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How-to Tuesday: List Building Basics

How-to Tuesday: List Building Basics

iBodger, FTW!

I certainly don’t claim to be a tactical genius, but I usually make my opponents at least work for their win.  The more I’m playing games, the more I’m reading about what makes a good list and what elements you need to be sure to include.

I’m not talking about auto-includes, I’m talking about making sure your army is well rounded enough to handle most of the stuff you could see across the board while remaining synergistic and goal oriented.  Of course, now that I have an Android phone (thanks Mom & Dad!) and access to iBodger, I’ve started taking a tougher and more thorough look at what lists I can field.


Every model in your army should have a clear purpose.  Whether it’s infantry clearing, handling hardened targets, harassing flanks or supporting another model, you the player should have in your head a very clear role for each model in your list.  Otherwise, what is it doing on the table?  Sure, all the models look pretty, but when you’re playing to win, you want to be sure everything on your side is helping you do that.

That's a Euro AC outlet plug on an ethernet cable. Fun!

Do It Yourself

Don’t use lists you find online.  When you try to play an army someone else has put together, you’re doing double the work, and often get bad results.  You won’t know precisely why they chose each model in their list – what each model’s purpose was.  You need to determine that.

I’m not saying don’t every try a ‘net list, but take them all with a grain of salt.  Learn why they chose a particular model or unit, and try out that unit in a similar role.  Take the list’s ideas and implement them in your own way.

List Specifics

Whenever I’m thinking up a list, there are several questions floating around getting caught in the cobwebs of my head.  Before I’m satisfied with a list all of them need to have answers.  They don’t have to be good answers, but so long as they’ve all been addressed, I’m OK going into battle commanding the force.

  • How will I handle High Armor?  (Khador Devastator @ ARM 25)
  • How will I handle High Defense? (DEF 19+)
  • How will I handle Stealth? (Shadowpack, ugh)
  • How will I handle Tough? (Trolls have a 5+ Invul?  lolwut?)
  • How will I handle Incorporeal models? (Blackbanes, ugh)
  • How will I handle Rough Terrain? (Baldur1’s Feat)
  • How will I handle loads of infantry?  (Irusk2)
  • How will I handle a Beast/’jack heavy force?  (Karchev)


Sometimes, the faction itself offers many solutions to these questions.  Legion, for instance, has Eyeless Sight, which handles Stealth, and most Legion beasts have Pathfinder or flight and thus ignore terrain.  Other times, one question is huge while another nearly drops off the radar.  An example of this is when I’m pondering Khador – they’re slow so Rough Terrain is a huge problem.  However, their warjacks all hit so hard, that I really don’t tend to care about enemy armor.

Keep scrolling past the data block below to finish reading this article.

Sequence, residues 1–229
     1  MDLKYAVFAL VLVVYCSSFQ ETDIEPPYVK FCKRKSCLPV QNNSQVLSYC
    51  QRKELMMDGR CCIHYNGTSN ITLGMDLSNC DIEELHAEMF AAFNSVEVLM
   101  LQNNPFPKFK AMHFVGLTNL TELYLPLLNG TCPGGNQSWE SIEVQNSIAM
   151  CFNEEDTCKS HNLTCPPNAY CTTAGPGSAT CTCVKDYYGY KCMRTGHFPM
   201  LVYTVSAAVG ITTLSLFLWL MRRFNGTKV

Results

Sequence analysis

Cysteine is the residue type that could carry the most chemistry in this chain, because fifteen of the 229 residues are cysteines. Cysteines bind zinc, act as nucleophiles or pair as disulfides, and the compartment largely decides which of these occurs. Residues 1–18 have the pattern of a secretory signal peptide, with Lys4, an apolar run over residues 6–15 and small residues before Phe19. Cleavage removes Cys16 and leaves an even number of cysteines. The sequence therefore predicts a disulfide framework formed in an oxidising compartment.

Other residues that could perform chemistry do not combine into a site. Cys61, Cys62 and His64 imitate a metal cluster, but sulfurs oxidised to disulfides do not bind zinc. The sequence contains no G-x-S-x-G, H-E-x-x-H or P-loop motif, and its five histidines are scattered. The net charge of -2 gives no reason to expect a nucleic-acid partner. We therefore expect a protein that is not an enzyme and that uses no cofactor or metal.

Every faction has access to something that answers those questions.  Not all of those answers reside on a model’s card.  Going back to Khador, often my answer to rough terrain is deployment.  I’ll try to opt to go second, and I’ll deploy such that I don’t have to maneuver much to hit the enemy lines.  Another example might be how my Butcher1 T4 force handles Stealth.  (LOL)  Since it has next to no ranged weapons, but is incredibly fast, I simply don’t let Stealth affect the game much.

Even if your answer is “I can’t do anything about X.”, then at least you go into the battle knowing.  If you can’t handle Stealth, you can maybe position your models so the Stealth models spend most of the game trying to get into combat.  Or, if you can’t handle rough terrain, perhaps you turtle up and make the enemy come to you.


Having a counter to tough models is one thing, but you can’t be all defense.  You have to think offensively also.  The models you take with you to a battle have to act together and become that clichéd “whole greater than the sum of the parts”.  This is where support models come into play.  Beast Handlers, Whelps, a Choir or Vassal, they don’t do much of anything to help you answer the questions above, but they sure make your opponent have to answer them.

Sometimes, a good offense is a perfectly valid answer to those defensive questions.  Take a Morghoul1 army for example.  By turn 3, you should have applied a Titan liberally to the enemy caster’s face.  If you’re so fast, or so brutal that you can keep the enemy on their heels and off balance, then their strengths won’t have time to find your weaknesses.


I’m going to go over a Legion list I’m eager to try out, and I’ll check how it does against what I’ve talked about so far.  Here’s the list:

Points: 35/35

My Legion of Aquablight!

Lylyth, Herald of Everblight (*6pts)
* Shredder (2pts)
* Shredder (2pts)
* Carnivean (11pts)
* Ravagore (10pts)
Blighted Nyss Striders (6pts)
* Officer & Musician (3pts)
Annyssa Ryvaal (4pts)
Blighted Nyss Shepherd (1pts)
Strider Deathstalker (2pts)

High Armor?  The Carnivean hits like a freight train, and the Ravagore has enough oomph to finish off anything the Carnivean has trouble with.  So long as I deploy them far enough apart and staggered (front to back), they should be free to help eachother as needed.  Also, the Strider’s can CRA for one massive shot, or single shot and whittle down something with 1-2 damage per shot.